Remember Tom Huddlestone? He was that mammoth midfielder who could seemingly pass as well as anyone in the Premier League and when he connected, could take someone's head off with a shot.
Well that midfielder didn't play from September on last season after suffering a terrible ankle injury that ruled him out for the remainder of the season. And as Spurs surged towards the top of the league through the winter, many forgot about Big Tom. The team could clearly win matches without him, which is true, but things would sure be a lot easier with him.
This season, it looks like Tottenham might get Tom back, which is good because easier is always better, but it is important to focus on the "might". Nothing will ever be the same again for Tom.
"Last season was so frustrating," Huddlestone said. "I made four appearances at the start but then I picked up the ankle problem which persisted for months. It was particularly hard when I was two or three weeks away from returning and then I discovered I needed another operation that ruled me out for the season.
"That was a big setback but once I knew I would not play again, I could concentrate solely on getting ready for this pre-season. I've had no problems with the ankle since. It'll be something I'll always have, I just have to learn how to manage it. I'll have to take it day by day, but I don't think it will be a case of missing matches because the games are far enough apart."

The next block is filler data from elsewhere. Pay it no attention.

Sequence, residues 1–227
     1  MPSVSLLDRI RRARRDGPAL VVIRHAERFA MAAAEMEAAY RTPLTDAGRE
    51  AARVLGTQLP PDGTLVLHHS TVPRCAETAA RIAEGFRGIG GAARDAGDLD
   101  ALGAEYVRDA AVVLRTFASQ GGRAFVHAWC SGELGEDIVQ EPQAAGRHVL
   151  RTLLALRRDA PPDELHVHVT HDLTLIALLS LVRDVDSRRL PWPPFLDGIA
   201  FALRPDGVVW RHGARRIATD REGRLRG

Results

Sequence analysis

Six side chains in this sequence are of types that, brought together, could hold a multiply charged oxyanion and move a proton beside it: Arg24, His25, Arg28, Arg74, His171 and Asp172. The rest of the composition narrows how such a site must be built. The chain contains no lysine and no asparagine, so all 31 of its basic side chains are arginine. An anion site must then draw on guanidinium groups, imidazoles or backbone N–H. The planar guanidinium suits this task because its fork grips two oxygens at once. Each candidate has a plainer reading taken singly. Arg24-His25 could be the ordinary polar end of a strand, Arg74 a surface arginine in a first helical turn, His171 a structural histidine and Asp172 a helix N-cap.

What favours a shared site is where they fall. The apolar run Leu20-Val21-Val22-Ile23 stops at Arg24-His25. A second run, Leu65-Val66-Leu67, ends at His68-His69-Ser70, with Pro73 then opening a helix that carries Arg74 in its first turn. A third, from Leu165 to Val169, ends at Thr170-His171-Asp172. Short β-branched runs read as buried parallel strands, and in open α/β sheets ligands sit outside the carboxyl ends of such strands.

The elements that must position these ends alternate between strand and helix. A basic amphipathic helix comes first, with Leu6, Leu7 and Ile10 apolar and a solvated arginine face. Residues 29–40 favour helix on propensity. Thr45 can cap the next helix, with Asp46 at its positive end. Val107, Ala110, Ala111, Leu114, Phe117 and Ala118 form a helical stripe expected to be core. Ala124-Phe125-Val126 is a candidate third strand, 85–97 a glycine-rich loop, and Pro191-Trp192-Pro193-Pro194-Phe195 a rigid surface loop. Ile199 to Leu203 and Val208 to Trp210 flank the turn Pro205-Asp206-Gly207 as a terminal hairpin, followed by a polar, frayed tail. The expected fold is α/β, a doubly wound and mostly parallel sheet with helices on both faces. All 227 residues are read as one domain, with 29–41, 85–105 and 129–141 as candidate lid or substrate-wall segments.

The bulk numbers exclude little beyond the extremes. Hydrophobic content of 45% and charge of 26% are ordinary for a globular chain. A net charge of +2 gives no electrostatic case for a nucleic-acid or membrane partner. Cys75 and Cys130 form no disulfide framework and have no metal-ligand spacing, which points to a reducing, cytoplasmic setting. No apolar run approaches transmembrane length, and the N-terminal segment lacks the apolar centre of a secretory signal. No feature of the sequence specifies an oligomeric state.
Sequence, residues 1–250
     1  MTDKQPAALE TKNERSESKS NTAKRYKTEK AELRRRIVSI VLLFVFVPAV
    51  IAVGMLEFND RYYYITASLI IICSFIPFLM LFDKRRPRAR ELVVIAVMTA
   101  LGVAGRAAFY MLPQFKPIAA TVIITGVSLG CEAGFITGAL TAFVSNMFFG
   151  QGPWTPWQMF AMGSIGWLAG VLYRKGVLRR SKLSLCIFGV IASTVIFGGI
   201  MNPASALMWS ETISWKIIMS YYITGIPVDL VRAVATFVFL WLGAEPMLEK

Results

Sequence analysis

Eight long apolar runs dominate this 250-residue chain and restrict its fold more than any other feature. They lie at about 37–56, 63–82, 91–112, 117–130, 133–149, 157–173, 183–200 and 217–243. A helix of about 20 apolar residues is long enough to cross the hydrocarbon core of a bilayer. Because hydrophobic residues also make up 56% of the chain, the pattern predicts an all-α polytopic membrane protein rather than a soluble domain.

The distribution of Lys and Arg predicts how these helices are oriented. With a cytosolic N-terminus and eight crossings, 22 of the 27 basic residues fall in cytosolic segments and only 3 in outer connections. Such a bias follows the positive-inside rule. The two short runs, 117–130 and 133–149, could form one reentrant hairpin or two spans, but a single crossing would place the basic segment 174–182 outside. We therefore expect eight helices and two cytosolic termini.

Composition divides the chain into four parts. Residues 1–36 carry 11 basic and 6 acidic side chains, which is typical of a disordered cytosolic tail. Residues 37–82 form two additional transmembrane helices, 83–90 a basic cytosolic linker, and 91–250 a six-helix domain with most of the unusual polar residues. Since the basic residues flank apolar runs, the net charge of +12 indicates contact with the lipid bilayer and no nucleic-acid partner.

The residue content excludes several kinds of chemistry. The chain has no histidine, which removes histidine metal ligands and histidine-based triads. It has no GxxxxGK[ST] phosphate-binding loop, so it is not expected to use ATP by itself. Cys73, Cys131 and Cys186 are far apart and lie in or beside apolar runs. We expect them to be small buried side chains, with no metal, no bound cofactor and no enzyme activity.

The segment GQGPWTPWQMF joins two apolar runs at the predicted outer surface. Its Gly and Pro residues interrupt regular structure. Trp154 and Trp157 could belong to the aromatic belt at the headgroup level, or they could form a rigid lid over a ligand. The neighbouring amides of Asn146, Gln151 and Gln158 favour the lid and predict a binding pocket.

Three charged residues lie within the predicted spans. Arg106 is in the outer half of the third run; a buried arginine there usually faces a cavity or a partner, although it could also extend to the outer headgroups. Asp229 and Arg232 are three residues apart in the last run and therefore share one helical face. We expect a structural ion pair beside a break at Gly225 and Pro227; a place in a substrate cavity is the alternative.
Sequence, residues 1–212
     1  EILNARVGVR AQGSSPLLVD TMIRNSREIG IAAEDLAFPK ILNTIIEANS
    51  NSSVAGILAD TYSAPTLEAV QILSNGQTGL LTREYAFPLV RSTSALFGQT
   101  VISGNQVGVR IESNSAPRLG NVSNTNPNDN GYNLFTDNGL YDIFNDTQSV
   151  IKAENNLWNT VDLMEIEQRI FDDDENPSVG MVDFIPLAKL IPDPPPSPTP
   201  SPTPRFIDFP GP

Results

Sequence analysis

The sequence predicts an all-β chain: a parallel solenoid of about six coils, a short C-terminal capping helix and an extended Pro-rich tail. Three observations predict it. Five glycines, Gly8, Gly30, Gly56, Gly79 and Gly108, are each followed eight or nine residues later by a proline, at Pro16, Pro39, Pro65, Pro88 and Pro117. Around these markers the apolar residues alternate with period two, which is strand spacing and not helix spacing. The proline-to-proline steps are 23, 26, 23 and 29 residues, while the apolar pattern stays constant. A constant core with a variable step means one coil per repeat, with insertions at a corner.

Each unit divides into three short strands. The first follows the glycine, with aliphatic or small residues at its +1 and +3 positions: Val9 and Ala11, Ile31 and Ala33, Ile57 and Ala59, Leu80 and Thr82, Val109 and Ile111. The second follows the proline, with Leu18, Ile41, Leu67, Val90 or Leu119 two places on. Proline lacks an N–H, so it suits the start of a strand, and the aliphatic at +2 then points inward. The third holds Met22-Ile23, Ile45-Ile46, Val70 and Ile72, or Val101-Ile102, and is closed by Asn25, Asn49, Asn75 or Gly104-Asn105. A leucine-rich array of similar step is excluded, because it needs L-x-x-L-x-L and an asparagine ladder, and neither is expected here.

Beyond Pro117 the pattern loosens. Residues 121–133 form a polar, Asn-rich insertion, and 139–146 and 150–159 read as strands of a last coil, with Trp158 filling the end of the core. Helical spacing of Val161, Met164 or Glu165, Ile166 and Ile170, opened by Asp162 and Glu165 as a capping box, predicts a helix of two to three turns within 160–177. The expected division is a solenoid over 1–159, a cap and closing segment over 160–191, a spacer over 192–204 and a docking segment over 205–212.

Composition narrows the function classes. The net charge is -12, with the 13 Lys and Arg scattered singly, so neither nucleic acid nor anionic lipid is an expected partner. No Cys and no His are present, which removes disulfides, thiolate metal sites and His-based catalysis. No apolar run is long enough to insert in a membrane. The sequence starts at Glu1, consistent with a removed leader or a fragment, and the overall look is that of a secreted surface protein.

And there is the downer. "It'll be something I'll always have." Tom has a chronic ankle problem and while it is great that he is on his way back and that he thinks he won't have to miss matches, chronic problems can always flare up.
That could be a major problem for Spurs this year if Luka Modric is sold. As fantastic as Gareth Bale and Aaron Lennon can be in transition, it is the deep ball that springs their runs forward. Modric has often provided those balls, but he is likely gone and Tottenham don't have another midfielder who can consistently do it. Even Joao Moutinho, who is a fine midfielder and would do well if Spurs buy him, cannot hit that great ball to get Bale and Lennon going in the same way that those have become accustomed to watching.
As good as Modric is at springing the attack, Huddlestone is equally as good when he is at his best. He is not the same total player that Modric is, but in this one area he is and it might be the most important thing for Spurs. Assuming Modric leaves and there isn't a revelatory midfielder brought in to replace him, Tottenham might have to lean heavily on Huddlestone at times. That ankle has to be able to handle it. So far it has, but a couple weeks of preseason is very different from January in the Premier League. Fingers crossed.